Swati Salunkhe

Managing Director - Growth Centre India Private Limited

Why Career Planning?

Why Career Planning?

Children today are offered so many choices and opportunities that it is often difficult for them to decide on “the best” career path to follow. To add to the agony there are several pressures from parents, friends, relatives and teachers to get high percentages. Alongside there also goes on a riot in the student’s mind “What next?” What is the best career for me?”, “Where will I get all the information from?” Generally the easiest way to select a career is to find out an ‘upcoming careers’. As per the typical trend Science is a preferred option followed by Commerce and Arts. Students may even have some preset or envisaged career goals based on their aspirations, peer pressure or likings rubbed on to them from people they are close to or look up to.

But is this truly a logical way of choosing a career?

One needs to understand that the transition from school/college life to the real world has its own unique experience for every individual. And, therefore, the decision to choose or reject a career should be made over a period of time and after careful consideration of various relevant factors.

The process of career planning spans right from S.S.C. to H.S.C. and sometimes even upto Graduation. It requires an adequate understanding of the individual with respect to his/her academic potentials, attributes, talents, interests, personality, values expectations and resources to utilise them to the optimum. Expectations from the job in terms of power, status, money and challenges involved must also be considered. A route to a successful career even depends on the optional subjects chosen during school years.

It is also important to keep several factors regarding the career in mind:

  • Nature of Work – is a description of what the career entails.
  • Working Environment – contains information regarding where you are going to be located and under what conditions you are going to work.
  • Areas of Specialization – deals with the specialties within the broader career.
  • Physical and Psychological Requirements – emphasize the multitude of physical, emotional, mental, and behavioral aspects demanded by the career.
  • Study/Training Involved – an accurate knowledge of the educational or vocational pathway to practice in a given field.
  • Employment prospects – contains information regarding the different areas or related fields where the individual can work given an educational/vocational background.
  • Career progression – is an estimation of what heights the person can reach in a given field.

Thus we can say that awareness of the individual’s “real” skills, motivation, strengths, likes, dislikes, weaknesses, aspirations are very important. This awareness should be based on actual achievements and must be supplemented by objective tests that can be administered only by trained psychologists/counselors.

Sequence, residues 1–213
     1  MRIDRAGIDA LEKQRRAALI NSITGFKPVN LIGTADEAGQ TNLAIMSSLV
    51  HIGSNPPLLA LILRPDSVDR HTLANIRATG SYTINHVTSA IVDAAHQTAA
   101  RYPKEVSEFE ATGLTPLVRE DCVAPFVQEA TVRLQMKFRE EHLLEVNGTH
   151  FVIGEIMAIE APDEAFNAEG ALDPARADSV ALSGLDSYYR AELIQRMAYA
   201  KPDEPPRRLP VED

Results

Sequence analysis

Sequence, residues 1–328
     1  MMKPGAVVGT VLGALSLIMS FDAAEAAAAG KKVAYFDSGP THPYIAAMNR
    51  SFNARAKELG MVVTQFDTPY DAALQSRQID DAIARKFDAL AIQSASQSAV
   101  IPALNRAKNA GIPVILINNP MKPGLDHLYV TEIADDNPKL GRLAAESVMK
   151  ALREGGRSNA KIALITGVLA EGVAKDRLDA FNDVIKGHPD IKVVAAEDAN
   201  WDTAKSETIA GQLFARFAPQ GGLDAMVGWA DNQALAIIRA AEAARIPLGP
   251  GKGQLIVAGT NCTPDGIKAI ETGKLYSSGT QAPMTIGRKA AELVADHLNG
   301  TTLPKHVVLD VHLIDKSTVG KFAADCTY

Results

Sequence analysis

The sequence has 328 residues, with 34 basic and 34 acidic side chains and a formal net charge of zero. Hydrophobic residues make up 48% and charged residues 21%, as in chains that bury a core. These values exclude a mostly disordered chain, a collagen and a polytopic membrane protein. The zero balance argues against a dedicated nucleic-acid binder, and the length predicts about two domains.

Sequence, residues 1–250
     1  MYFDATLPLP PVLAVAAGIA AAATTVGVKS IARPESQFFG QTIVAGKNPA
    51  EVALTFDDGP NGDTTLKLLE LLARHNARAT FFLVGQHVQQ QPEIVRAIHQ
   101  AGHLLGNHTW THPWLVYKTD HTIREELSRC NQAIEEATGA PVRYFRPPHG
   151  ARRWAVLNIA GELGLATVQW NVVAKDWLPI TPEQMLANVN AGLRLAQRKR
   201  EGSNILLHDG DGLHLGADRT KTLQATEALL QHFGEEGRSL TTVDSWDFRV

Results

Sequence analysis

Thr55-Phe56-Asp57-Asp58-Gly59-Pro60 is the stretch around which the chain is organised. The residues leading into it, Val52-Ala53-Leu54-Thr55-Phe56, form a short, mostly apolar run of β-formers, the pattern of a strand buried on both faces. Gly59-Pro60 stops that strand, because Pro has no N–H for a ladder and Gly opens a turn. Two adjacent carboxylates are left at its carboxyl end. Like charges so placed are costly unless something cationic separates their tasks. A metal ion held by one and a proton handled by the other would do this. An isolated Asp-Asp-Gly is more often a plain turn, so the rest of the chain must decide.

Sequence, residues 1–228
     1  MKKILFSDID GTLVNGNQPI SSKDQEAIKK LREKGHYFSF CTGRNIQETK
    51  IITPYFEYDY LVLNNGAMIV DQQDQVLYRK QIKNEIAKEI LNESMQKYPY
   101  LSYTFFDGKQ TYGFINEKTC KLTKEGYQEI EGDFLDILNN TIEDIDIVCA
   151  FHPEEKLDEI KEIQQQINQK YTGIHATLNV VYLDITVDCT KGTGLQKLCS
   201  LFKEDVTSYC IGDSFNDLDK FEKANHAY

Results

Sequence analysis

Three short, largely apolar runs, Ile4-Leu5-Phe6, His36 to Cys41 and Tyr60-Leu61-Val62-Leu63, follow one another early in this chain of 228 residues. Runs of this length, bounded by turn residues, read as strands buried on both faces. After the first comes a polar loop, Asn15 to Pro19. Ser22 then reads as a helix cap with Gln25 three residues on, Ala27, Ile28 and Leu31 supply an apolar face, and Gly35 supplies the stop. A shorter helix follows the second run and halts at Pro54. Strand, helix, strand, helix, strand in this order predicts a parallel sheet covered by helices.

Psychological tests give scientific and objective data about the individual. These tests are followed by a career counselling session which offers professional assistance to the individual by not only making the student aware about his/her level of grasping, strong as well as weak abilities, likes, dislikes and personality factors, but also try and find a match between aspirations and the real self. Therefore commonly referred Aptitude Test is just one aspect of Psychological tests. The other important aspects are Intelligence, Personality, Adjustment and Interests.

Some steps that can be followed while making a career decision are:

  • Listing the work options you desire
  • Increasing the knowledge base with respect to those options by:
  • attending career talks and/or career exhibitions [like, Times Education Boutique],
  • reading newspapers (like Education Times, Regional newspapers giving information about careers),
  • viewing TV programs on careers (for example, Hum Honge Kamyaab)
  • interacting with people in the fields of your choice gives information with respect to the real nature of the job .
  • Assessing the congruence, or the dissimilarity between one’s personality,values, aptitudes, interest and that of workplace.
  • Trying to obtain an actual ’feel’ of the work environment of the career you aspire to be in which can be done through a summer jobs or by working part time while studying.

However it is noteworthy that certain individuals are forced to select a career based only on opportunity and the urgent personal needs at that time. Many people make a start and soon realize that the career they have chosen is not the best option for them. The decision should, therefore, be made in a rational manner to eliminate any chances of regret or loss of resources.

An unthoughtful or impulsively made decision results in dissatisfaction and poor performance in academics. This usually occurs when the individual has not considered all the aspects discussed above and has instead chosen a career based on unessential reasons such as peer pressure, parent’s preference, percentage, nearness of the college, under the influence of a relative, cousin, easy options, current trends or scope.

One should remember that making a career decision is a difficult task even when you have a lot of information. It is best to use a scientific, objective methodology in the career decision-making process in order to find the most suitable match between who you are and the career that is pursued.


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